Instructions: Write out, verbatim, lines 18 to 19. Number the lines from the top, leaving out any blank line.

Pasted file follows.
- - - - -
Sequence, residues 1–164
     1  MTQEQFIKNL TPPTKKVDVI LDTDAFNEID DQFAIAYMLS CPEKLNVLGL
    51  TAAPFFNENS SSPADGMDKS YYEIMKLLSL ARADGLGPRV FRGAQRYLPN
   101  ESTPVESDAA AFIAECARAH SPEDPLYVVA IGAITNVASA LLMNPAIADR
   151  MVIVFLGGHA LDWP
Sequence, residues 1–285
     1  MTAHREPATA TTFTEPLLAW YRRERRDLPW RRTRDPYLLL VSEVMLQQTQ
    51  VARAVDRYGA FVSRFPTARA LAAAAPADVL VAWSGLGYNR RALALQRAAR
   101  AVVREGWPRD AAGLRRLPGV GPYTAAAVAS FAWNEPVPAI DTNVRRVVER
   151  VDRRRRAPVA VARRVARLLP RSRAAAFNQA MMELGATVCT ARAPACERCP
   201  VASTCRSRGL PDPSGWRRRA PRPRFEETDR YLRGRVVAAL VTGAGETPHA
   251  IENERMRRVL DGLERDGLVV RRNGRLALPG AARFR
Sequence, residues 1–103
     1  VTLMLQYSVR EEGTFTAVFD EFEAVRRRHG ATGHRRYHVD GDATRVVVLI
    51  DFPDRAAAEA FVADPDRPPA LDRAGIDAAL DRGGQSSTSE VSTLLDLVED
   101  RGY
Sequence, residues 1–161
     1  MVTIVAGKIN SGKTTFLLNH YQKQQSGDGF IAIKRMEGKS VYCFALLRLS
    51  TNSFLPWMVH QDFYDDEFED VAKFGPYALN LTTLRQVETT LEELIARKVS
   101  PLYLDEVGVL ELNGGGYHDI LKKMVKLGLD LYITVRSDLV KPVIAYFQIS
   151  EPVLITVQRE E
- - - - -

     1  MVTIVAGKIN SGKTTFLLNH YQKQQSGDGF IAIKRMEGKS VYCFALLRLS
    51  TNSFLPWMVH QDFYDDEFED VAKFGPYALN LTTLRQVETT LEELIARKVS